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Some Job Seekers See Plastic Surgery as Necessity
Posted: April 9, 2009
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The American Society of Plastic Surgeons (ASPS) released a recent survey showing that American women were looking at cosmetic surgery to get a competitive edge in the workplace.
About 13% of the 756 women surveyed, between the ages of 18 and 64, say they would consider having a cosmetic medical procedure to make them more confident and more competitive in the job market. About 3% said they already had a cosmetic procedure to increase their perceived value in the workplace, and 73% said they believed that appearance and youthful looks play a part in getting hired, a promotion, or getting new clients, particularly in these challenging economic times.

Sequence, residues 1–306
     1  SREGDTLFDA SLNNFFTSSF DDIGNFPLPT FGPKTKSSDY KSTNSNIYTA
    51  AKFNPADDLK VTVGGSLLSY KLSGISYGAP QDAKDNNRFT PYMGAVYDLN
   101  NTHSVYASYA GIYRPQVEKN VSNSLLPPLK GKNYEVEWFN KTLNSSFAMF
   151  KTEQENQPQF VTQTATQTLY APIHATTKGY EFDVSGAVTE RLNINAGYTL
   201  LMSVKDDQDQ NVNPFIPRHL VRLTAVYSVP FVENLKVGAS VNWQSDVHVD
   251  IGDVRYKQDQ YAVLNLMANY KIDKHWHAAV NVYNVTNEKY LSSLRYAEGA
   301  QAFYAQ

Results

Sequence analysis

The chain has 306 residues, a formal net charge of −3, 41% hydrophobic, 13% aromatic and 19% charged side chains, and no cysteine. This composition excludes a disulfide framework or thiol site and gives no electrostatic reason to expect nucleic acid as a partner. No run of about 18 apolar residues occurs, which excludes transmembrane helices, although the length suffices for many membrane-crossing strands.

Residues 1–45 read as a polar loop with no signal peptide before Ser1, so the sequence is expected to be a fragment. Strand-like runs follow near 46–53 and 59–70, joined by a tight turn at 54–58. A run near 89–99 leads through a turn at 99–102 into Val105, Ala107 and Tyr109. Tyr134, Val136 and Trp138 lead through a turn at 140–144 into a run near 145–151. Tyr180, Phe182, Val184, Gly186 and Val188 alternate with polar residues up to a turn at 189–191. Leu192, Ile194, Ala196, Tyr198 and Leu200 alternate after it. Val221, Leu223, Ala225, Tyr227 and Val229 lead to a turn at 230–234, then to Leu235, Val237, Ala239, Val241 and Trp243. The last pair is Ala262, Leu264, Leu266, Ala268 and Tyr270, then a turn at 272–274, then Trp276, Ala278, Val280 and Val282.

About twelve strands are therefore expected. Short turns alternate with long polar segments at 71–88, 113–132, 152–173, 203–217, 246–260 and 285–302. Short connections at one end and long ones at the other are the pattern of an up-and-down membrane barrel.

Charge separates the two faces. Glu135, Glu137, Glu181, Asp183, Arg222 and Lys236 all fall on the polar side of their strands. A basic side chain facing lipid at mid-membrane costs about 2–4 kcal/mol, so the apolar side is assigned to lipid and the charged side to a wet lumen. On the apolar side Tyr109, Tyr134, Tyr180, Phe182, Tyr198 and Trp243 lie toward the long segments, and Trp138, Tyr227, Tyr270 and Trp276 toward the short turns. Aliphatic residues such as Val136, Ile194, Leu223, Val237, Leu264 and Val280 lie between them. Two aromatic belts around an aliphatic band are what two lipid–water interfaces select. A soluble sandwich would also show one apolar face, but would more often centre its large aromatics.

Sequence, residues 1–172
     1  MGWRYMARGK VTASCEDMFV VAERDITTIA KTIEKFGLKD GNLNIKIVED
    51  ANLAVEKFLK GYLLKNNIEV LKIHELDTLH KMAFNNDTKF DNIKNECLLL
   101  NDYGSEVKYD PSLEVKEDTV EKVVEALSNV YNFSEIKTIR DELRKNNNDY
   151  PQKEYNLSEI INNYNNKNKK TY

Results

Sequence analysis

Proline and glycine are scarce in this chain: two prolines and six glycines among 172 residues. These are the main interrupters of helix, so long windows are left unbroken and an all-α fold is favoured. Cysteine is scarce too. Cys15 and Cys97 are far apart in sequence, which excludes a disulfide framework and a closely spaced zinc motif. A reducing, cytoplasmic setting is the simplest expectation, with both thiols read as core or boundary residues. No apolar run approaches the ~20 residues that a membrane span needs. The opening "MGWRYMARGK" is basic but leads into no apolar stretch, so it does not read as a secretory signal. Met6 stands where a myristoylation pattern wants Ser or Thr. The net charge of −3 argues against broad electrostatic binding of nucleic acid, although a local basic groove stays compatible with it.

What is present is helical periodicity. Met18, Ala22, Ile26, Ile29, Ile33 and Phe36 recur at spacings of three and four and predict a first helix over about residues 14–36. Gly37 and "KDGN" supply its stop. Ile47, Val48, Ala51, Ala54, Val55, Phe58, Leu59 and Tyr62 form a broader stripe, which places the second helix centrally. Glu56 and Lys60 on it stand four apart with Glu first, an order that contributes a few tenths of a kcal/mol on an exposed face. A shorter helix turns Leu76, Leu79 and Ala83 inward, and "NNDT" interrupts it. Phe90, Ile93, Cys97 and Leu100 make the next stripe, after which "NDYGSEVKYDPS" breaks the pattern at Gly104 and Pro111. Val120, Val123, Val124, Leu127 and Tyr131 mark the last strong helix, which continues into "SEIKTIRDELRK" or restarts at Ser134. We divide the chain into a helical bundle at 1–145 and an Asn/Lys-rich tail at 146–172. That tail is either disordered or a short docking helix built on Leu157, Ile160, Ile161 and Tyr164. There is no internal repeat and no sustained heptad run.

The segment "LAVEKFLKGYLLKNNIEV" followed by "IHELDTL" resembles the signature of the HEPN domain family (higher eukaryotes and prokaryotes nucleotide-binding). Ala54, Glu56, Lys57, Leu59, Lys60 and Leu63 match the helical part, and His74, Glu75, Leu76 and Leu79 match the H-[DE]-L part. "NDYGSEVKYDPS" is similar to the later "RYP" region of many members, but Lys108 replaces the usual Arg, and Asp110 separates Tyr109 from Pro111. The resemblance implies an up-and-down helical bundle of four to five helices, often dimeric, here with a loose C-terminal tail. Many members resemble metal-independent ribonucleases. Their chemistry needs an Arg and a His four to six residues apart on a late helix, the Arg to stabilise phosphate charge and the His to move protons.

Linda Mason, a television producer and photographer in Los Angeles, said she recently got a facelift because she is in a "young business." "I deal with young people and the best way to succeed in this business is to stay young," she said.
Manhattan plastic surgeon Stephen Greenberg saw an opportunity in this growing trend and recently began promoting a "Job Fighter Package" for men and women. "We've probably done no less than 50 to 60 tune-ups since launching the package about five months ago," Greenberg said, noting that not all the "tune-ups" have involved surgeries, but also less costly and invasive procedures like cosmetic injectables.
"Men and women in their 40s and 50s are competing with peers 10 to 15 years younger and employers naturally tend to go to a person who looks fresher and younger, despite who is better qualified," Greenberg said, adding that a lot of his patients view the surgery as an investment and are financing it with loans. Plastic surgery loans can involve financing charges of 12 to 19%, according to industry experts.